The EU: an example for the ASEAN?
19 March 2013
Since 1967, the ASEAN (Association of Southeast Asian Nations) has established a supranational organization on the same basis as the European Union (created in 1957). Five countries were at the origins: Singapore, Indonesia, Malaysia, Thailand and Philippines. Later Brunei, Viet Nam, Laos, Myanmar and Cambodia joined the community composing nowadays of 10 countries. But at a time when the European Union is experiencing a political and economic identity crisis after the implementation of a common currency and increased political integration, the ASEAN is patiently building an economical giant, which will be a direct competitor to China or India in the coming years. Indeed, by 2015 ASEAN aims to achieve a full economic integration, creating a single market that will allow the free flow of goods, services and capital (economic and human). This is quite similar to the Schengen agreement of the EU in 1992. With 10 countries compared to 27, ASEAN is trying to build the same model of regionalisation with fewer countries and therefore has a higher chance to succeed on the long-term.
Moreover, ASEAN and EU have been built for the same purpose. Thereby, ASEAN and EU are at least comparable. We will find the same hope for peace and security, the safeguarding of national independence against interference from external actors, the research for economic prosperity and competitiveness in a globalizing world. Motivated by the same desire to influence international debates in front of the major powers. We can extend the comparison to the currency. On March 1979, the EU implemented the European Currency Unit, a basket of European currency, which attempted to limit the fluctuations of currencies. This ECU has been replaced in 1999 by the Euro.
In 2005, on the impulsion of Japan, an Asia Currency Unit was created. It is the weighted average of ASEAN +3 (Japan, China and Korea) +3 (Australia, New-Zealand and India). This has lead to a stabilization of each country’s currency, which is showed by Eiji Ogawa and Junko Shimizu in their research for the Asian Bank Development Institute.
But even with so many similarities, EU and ASEA are very different. It is just pretence to try to look for other common points, their respective compositions are opposite. While democracy is a prerequisite to enter the EU (for example the entry of Spain, Portugal or Greece after dictatorship), the ASEAN members have politically a lot less in common. Myanmar and Singapore share little political similarity.
In terms of wealth this area is also a paradox, Singapore is one of the richest countries in terms of GDP per persona ($60,900 for 2012 ranked as 6th) while Cambodia and Laos (respectively: $900 ranked 159th and$1,320 ranked 147th) and are among the poorest countries in the world. Globally their economic structure is totally different: ASEAN is mainly dependent on exportation to grow, while gross in EU is lead by household consumption. With this context it would be quite impossible for ASEAN to transpose the European rules and policies. That is why ASEAN takes its time, observes what happens in Europe and contextualize borrowed concepts such as the Asian Currency Unit, which have proven their potential viability, even with several countries.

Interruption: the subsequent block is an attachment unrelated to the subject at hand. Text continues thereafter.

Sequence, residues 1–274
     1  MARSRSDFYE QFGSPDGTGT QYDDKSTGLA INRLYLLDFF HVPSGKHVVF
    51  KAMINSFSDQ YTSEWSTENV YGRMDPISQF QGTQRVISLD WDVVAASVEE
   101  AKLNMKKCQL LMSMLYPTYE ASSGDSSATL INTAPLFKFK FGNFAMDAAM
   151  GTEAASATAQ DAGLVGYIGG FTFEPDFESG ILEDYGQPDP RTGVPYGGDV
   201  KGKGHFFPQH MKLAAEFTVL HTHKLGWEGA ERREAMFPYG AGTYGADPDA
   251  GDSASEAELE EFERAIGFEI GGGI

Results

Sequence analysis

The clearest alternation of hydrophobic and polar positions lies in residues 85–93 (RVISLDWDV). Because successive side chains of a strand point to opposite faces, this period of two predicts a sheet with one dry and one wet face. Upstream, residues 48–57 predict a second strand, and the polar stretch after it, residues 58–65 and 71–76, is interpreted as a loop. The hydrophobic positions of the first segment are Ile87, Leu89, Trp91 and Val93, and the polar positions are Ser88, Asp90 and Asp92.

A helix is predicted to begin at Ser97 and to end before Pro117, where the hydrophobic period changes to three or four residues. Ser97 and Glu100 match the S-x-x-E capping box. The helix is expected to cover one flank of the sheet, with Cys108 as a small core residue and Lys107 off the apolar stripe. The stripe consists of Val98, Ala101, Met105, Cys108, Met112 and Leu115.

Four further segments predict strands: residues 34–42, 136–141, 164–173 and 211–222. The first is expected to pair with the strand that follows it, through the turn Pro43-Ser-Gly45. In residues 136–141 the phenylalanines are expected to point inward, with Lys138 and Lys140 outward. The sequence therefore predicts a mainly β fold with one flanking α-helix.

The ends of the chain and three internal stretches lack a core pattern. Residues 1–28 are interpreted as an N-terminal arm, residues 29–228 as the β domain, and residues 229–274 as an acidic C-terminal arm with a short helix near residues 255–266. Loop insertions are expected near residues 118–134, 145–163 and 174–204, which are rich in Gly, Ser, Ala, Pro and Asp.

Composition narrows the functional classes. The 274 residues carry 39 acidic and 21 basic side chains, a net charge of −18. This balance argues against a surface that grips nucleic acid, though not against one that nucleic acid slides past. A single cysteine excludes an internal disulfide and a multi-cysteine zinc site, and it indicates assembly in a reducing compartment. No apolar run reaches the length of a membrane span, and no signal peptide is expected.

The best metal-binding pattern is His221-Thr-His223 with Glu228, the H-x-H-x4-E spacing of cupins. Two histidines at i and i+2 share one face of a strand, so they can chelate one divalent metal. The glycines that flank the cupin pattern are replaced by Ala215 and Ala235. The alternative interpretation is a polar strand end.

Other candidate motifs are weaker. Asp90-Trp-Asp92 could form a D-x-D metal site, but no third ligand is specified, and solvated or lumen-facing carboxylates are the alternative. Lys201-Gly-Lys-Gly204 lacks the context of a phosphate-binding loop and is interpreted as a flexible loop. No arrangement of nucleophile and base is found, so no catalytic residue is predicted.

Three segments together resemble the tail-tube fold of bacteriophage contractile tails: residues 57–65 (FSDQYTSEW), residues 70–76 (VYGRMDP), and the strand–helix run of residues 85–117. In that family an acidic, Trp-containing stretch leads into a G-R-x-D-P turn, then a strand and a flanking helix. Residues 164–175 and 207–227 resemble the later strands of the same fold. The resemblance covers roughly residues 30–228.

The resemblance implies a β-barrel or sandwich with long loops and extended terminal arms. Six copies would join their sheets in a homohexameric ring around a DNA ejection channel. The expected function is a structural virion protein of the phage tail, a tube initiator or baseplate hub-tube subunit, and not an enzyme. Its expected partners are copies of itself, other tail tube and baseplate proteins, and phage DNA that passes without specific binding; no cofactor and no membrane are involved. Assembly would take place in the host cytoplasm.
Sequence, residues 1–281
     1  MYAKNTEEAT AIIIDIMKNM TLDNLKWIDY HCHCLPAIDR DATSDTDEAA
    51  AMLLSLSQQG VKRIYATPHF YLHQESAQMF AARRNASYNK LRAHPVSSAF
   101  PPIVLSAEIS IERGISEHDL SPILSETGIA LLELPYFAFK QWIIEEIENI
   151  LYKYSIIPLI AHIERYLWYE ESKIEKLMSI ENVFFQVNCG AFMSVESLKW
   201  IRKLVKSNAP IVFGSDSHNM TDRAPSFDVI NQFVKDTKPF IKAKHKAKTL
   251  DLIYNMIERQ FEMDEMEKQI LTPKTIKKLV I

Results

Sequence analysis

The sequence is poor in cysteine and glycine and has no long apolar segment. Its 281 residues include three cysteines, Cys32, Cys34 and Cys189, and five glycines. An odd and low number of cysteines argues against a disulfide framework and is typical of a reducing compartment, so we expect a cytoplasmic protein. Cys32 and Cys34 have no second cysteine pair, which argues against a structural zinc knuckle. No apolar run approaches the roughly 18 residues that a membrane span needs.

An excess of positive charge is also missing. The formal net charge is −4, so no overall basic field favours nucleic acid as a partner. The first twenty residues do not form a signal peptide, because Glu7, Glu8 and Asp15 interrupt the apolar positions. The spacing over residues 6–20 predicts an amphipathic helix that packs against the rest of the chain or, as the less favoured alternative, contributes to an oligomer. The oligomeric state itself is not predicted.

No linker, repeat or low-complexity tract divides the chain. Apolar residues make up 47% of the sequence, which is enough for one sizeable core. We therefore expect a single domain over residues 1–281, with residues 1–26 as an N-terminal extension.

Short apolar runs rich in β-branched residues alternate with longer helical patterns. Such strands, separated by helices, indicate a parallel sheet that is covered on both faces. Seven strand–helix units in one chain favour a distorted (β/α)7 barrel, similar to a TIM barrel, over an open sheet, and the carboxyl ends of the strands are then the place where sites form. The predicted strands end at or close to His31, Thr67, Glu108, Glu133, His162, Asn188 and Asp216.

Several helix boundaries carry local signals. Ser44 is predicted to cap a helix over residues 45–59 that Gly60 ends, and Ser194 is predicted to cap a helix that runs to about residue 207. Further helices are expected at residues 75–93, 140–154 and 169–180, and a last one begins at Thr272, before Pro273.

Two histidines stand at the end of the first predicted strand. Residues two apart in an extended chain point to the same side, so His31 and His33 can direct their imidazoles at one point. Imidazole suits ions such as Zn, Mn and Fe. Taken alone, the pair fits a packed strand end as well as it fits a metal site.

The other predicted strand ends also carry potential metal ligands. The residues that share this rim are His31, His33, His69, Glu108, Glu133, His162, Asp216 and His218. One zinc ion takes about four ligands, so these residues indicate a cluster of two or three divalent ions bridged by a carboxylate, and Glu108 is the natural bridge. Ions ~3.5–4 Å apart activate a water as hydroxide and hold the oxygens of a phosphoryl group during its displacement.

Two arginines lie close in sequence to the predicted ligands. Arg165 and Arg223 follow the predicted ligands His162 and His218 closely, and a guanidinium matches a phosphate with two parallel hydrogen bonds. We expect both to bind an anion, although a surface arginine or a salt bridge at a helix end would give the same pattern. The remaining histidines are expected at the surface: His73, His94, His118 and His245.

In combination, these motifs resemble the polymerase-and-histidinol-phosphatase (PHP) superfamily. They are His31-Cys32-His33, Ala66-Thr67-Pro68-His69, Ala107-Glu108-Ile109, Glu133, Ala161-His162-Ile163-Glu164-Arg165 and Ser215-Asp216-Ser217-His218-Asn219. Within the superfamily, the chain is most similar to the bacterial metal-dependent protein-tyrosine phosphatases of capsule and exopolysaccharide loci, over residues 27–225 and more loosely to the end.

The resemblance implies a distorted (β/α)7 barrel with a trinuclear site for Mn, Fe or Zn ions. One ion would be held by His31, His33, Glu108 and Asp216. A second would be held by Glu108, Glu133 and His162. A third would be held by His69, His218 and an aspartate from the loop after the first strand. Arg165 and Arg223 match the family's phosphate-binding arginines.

Attempting to forecast is always risky. Nevertheless, by observing carefully recent events in EU and ASEAN, a line is drawn, and it is not so obvious that the ASEAN will tend to become an Asian EU. In fact it is nearly impossible to run an integrated area of too many languages, cultures and religious diversity. The future of ASEAN will mainly cover agreements on economic cooperation, because these do not exert politics and religion, but help countries to remain close. An example in Asia is the tension between Thailand and Malaysia. However, these two countries are still doing business together. On the other hand, to be credible as an entity on the international scene, they will have to act together and concert before taking a decision, something that Europe failed to do (e.g: War of Iraq in 2003). However, even with its failures, EU will remain a model to follow. How is it possible twelve years after the most deadly war of history that enemy countries decide to unite to build one of the most peaceful and wealthy regions in the world?
Thereby, both EU and ASEAN understand that joining forces will help to set up a different balance of power. This is a response to the supremacy of US or the coming supremacy of China. These organizations have a role to play among the nations
In ASEAN, some countries have a particular role, for example Singapore, the gateway to Asia for western countries, or petroleum producing Brunei, a country that assures a constant supply of oil. But one has a more implicit role: the kingdom of Thailand. Indeed, Thailand is the heart of the ASEAN and the link between the member countries. Being the founding member of the ASEAN, Thailand has a proactive role in the implementation of the unique market in 2015. With its central location in Southeast Asia, we can expect Thailand to become a hub in this area of the world. By 2015, companies based in Thailand will have an advantage of being located in one of the biggest markets in the world.
The Broadgate Financial Group has understood this unique situation as an opportunity to invest in. Firstly, by providing expert advice in plantation and renewable energy development in Southeast Asia. Also by diversifying its consultancy activities, resulting in being the most diverse corporate consultancy firm in South East Asia.
“A new growth force is coming in Asia,”
Changyong Rhee Chief Economist of the Asian Development Bank (ADB) when talking about ASEAN.
Portfolio Support Officer
The views and opinions expressed in this article are those of the authors and do not necessarily reflect the official position of The Broadgate Financial Group.